Cognitive ability and sentience: which aquatic animals should be protected?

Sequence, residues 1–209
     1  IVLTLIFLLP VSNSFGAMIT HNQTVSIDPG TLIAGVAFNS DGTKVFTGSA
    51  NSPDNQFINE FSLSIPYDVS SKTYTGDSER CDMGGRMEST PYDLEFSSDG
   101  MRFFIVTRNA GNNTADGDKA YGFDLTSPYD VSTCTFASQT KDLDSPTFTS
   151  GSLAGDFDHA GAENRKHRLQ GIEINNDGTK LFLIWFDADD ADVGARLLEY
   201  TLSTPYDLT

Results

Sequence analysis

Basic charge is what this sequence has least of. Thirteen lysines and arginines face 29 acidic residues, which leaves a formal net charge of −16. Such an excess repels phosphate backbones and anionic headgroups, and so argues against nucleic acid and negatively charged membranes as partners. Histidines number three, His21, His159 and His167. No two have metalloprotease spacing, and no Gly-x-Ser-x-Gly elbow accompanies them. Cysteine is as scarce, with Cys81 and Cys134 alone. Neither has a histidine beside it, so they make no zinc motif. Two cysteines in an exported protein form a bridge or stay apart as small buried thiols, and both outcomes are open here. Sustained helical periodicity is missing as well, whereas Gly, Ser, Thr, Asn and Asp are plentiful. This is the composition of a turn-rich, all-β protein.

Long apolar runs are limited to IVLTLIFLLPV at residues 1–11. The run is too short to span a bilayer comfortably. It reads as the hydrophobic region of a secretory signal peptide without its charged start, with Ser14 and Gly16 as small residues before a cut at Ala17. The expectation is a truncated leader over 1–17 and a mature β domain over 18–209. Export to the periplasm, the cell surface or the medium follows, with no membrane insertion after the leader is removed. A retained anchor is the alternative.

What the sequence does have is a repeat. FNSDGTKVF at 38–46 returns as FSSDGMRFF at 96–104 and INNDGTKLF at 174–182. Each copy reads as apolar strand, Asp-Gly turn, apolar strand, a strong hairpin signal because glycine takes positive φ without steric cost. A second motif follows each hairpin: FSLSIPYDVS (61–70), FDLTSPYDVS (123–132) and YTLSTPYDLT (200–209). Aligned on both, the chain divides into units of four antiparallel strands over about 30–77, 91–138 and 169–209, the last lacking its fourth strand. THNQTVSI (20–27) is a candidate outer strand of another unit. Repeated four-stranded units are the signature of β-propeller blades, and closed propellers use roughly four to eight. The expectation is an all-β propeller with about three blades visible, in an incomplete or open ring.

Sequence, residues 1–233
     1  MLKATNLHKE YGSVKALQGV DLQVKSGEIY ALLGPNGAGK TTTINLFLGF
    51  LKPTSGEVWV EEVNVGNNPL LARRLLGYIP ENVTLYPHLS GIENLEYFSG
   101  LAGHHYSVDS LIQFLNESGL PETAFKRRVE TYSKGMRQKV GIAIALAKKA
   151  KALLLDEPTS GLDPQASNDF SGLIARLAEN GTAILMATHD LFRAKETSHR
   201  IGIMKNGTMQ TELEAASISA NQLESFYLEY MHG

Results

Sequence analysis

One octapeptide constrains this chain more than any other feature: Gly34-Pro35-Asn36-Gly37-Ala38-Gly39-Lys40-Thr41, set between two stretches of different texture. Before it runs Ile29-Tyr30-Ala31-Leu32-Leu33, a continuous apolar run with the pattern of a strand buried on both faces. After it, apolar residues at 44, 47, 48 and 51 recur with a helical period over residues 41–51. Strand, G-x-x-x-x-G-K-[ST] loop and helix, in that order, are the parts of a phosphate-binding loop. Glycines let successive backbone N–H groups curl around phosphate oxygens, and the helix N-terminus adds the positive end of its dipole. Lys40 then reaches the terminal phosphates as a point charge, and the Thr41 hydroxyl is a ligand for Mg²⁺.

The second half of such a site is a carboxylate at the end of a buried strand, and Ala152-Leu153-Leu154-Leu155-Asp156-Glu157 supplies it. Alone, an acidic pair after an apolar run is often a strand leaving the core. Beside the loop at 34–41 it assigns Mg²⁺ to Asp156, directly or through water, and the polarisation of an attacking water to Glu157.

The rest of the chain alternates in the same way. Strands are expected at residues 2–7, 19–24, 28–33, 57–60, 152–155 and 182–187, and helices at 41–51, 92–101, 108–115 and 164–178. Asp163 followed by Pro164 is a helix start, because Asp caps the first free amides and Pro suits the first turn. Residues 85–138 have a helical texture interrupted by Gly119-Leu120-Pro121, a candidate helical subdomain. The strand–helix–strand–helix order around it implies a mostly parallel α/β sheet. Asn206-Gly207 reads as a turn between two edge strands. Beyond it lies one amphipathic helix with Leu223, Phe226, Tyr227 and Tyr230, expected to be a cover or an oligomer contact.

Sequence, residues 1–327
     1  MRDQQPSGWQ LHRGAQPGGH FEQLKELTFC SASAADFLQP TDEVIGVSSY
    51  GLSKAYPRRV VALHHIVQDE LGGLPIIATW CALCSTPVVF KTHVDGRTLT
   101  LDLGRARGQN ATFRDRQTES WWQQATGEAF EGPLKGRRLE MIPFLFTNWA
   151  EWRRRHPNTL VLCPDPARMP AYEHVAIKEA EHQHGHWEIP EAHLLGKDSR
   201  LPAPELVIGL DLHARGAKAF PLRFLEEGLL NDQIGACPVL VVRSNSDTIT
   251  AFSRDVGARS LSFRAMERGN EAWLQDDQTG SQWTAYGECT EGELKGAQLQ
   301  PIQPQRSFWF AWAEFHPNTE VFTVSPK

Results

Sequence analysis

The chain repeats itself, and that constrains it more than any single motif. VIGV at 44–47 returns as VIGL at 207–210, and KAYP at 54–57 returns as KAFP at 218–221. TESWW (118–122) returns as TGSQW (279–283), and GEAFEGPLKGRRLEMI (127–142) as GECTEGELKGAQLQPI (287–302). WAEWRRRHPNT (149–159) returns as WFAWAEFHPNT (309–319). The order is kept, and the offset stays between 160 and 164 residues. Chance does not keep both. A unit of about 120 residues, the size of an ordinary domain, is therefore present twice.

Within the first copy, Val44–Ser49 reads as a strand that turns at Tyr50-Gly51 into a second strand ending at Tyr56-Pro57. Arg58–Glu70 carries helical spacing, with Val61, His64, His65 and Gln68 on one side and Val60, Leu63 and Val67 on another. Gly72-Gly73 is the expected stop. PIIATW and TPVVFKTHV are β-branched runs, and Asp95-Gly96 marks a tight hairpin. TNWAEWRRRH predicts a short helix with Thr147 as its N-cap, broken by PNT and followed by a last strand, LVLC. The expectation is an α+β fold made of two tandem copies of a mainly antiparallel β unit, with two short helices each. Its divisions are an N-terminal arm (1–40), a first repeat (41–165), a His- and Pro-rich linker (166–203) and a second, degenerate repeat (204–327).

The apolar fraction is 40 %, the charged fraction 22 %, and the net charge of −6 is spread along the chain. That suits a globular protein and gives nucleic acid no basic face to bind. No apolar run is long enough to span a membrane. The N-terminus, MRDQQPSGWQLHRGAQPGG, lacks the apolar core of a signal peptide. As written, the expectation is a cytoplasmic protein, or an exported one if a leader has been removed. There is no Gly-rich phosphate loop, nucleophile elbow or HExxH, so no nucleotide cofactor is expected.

It is of scientific and practical interest to consider the levels of cognitive ability in animals, which animals are sentient, which animals have feelings such as pain and which animals should be protected. A sentient being is one that has some ability to evaluate the actions of others in relation to itself and third parties, to remember some of its own actions and their consequences, to assess risk, to have some feelings and to have some degree of awareness. These abilities can be taken into account when evaluating welfare. There is evidence from some species of fish, cephalopods and decapod crustaceans of substantial perceptual ability, pain and adrenal systems, emotional responses, long- and short-term memory, complex cognition, individual differences, deception, tool use, and social learning. The case for protecting these animals would appear to be substantial. A range of causes of poor welfare in farmed aquatic animals is summarised.